Officials in Kenya, Tanzania, and Uganda simultaneously launched the East African Customs Union, which goes into effect Saturday. This program is expected to increase regional and global trade.
Kenyan assistant finance minister, Henry Obwacha, told reporters in Nairobi the tariff agreement among the three countries effectively establishes the area as a trading bloc that will improve the lives of people living there.
"We have pursued economic integration in order to attract investments and stimulate economic activity in our region," he said. "Through the East African Community, we seek to remove barriers to trade, facilitate movement of people, money, and capital."
The Customs Union sets up a single market of more than 90 million people with a combined gross domestic product of around $30 billion.
Mr. Obwacha said the individual economies of the three countries would grow because they will have access to this large market, will diversify their production and export bases, and can attract foreign investment.
Beginning Saturday, the three countries will not charge a tariff on imports of raw materials such as cotton, but will levy a 10 percent tariff on imports of semi-processed goods such as yarn and a 25 percent tariff on finished products like cloth.
The agreement applies to imports originating from outside of the East African Community.
In the long run, there will be no tariffs charged for goods originating from, and traded among, the three counties.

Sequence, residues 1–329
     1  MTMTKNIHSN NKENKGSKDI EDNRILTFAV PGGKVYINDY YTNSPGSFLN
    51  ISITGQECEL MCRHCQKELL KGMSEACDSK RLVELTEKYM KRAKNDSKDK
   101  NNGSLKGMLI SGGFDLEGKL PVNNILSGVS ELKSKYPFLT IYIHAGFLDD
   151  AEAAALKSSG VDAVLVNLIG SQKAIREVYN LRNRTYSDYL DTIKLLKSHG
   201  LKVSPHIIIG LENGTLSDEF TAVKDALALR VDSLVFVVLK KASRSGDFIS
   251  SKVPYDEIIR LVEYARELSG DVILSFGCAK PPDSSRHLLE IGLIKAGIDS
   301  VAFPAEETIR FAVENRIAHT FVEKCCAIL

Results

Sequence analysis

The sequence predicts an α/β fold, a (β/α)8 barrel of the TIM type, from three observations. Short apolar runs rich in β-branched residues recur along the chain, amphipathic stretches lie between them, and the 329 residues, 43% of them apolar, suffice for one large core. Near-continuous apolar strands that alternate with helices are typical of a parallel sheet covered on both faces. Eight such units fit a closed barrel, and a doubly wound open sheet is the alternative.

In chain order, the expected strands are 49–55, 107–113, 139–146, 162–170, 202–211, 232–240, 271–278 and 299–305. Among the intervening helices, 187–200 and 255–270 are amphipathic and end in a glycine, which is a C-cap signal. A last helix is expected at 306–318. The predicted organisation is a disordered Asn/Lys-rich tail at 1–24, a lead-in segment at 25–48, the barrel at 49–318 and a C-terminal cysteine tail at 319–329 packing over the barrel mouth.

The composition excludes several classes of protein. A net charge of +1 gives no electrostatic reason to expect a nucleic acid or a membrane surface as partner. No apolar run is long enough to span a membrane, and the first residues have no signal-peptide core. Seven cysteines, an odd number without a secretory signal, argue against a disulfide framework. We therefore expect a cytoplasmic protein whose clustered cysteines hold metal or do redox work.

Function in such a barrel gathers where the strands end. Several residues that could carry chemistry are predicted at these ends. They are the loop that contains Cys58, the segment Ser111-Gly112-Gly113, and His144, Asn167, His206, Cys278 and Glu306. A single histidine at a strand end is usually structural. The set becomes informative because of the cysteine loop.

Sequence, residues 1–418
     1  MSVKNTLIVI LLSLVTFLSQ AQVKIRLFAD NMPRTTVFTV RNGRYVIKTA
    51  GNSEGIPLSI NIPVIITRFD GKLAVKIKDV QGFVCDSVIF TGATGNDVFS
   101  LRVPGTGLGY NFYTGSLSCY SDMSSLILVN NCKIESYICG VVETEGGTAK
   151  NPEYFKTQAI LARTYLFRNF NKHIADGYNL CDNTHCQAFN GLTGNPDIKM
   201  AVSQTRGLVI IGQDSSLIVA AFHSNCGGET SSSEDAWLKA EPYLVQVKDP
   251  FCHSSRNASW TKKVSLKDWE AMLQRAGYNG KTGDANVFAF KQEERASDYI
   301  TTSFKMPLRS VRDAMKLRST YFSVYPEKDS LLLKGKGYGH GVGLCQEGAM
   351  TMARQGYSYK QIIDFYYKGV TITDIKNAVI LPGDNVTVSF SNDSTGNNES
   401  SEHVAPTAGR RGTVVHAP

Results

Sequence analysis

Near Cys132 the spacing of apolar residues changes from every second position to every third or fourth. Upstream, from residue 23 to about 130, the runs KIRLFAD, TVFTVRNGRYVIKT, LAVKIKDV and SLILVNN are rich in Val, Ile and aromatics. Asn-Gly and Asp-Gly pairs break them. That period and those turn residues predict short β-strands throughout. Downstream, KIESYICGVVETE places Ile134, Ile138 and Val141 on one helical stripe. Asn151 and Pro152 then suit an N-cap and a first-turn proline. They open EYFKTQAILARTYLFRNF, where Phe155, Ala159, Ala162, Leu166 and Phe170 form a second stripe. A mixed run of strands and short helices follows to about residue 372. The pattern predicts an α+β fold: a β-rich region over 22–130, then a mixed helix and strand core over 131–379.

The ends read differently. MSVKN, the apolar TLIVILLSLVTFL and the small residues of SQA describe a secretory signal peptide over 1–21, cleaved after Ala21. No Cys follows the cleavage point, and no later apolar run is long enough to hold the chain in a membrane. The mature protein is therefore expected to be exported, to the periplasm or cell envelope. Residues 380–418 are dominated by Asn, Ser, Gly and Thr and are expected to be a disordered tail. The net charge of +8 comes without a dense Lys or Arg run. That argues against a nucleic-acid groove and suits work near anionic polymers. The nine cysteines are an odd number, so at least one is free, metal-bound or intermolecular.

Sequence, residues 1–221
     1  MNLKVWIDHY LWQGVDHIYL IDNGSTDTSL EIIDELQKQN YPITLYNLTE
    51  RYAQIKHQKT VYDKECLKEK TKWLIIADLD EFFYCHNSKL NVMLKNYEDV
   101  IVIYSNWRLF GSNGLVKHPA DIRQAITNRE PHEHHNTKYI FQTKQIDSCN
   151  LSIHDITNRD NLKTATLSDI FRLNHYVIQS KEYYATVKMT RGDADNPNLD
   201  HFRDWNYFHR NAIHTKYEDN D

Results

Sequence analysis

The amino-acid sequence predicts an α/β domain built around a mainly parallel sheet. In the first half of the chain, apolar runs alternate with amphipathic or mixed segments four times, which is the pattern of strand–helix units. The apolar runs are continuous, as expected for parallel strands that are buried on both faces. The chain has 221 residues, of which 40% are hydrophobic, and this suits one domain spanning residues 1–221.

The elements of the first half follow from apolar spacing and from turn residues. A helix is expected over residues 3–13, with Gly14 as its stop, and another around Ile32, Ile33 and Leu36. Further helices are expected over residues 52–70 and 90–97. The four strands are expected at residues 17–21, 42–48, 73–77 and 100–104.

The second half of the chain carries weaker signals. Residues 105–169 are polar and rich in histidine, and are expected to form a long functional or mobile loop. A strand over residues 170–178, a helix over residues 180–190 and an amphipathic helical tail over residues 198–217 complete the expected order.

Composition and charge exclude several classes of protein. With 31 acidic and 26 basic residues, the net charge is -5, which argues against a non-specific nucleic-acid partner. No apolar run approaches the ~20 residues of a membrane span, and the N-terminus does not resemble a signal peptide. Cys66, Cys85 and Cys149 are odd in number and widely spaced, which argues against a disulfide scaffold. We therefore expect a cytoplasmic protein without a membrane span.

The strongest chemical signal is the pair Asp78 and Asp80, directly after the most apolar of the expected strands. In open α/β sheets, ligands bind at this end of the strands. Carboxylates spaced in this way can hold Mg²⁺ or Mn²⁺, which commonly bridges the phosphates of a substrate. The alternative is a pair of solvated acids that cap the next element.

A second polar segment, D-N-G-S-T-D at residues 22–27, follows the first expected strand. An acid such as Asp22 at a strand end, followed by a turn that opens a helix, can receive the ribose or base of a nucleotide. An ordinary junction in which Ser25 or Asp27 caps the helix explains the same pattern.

But for five years, Uganda and Tanzania will be able to charge an additional tax on Kenyan products because Kenya's manufacturing sector is more developed than those of its neighbors.
Assistant Minister Obwacha outlined the long-term vision of the East African Community, or EAC.
"As we integrate," he said, "we seek to narrow our political differences as we recognize that our cardinal responsibility as a community is to reduce poverty, increase employment opportunities for our people, uplift their standards of living, and indeed plans are at [an] advanced stage to ensure that the EAC becomes a common market with a single trade and investment area, followed by a monetary union and ultimately, a political federation."
The Customs Union is set to come into force Saturday, as outlined under the East African Customs Union Management Bill, passed earlier this month by the East African Legislative Assembly.
Officials in Tanzania and Uganda also held celebrations to launch the Customs Union.